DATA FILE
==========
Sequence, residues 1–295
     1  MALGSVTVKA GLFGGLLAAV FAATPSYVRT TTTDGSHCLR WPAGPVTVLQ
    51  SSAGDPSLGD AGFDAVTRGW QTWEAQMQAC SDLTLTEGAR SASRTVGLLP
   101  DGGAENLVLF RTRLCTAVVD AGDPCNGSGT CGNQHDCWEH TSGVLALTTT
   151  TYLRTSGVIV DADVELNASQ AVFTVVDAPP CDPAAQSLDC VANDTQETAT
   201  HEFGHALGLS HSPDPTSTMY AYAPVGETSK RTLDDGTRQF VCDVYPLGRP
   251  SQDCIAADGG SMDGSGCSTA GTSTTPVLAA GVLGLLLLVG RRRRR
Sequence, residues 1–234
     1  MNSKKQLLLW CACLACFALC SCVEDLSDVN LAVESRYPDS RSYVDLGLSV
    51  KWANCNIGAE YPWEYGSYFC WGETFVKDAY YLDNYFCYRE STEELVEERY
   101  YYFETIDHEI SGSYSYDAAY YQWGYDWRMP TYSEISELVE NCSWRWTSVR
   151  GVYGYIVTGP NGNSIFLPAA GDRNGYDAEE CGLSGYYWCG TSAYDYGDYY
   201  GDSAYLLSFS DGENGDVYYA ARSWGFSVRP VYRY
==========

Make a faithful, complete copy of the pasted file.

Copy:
Sequence, residues 1–295
     1  MALGSVTVKA GLFGGLLAAV FAATPSYVRT TTTDGSHCLR WPAGPVTVLQ
    51  SSAGDPSLGD AGFDAVTRGW QTWEAQMQAC SDLTLTEGAR SASRTVGLLP
   101  DGGAENLVLF RTRLCTAVVD AGDPCNGSGT CGNQHDCWEH TSGVLALTTT
   151  TYLRTSGVIV DADVELNASQ AVFTVVDAPP CDPAAQSLDC VANDTQETAT
   201  HEFGHALGLS HSPDPTSTMY AYAPVGETSK RTLDDGTRQF VCDVYPLGRP
   251  SQDCIAADGG SMDGSGCSTA GTSTTPVLAA GVLGLLLLVG RRRRR
Sequence, residues 1–234
     1  MNSKKQLLLW CACLACFALC SCVEDLSDVN LAVESRYPDS RSYVDLGLSV
    51  KWANCNIGAE YPWEYGSYFC WGETFVKDAY YLDNYFCYRE STEELVEERY
   101  YYFETIDHEI SGSYSYDAAY YQWGYDWRMP TYSEISELVE NCSWRWTSVR
   151  GVYGYIVTGP NGNSIFLPAA GDRNGYDAEE CGLSGYYWCG TSAYDYGDYY
   201  GDSAYLLSFS DGENGDVYYA ARSWGFSVRP VYRY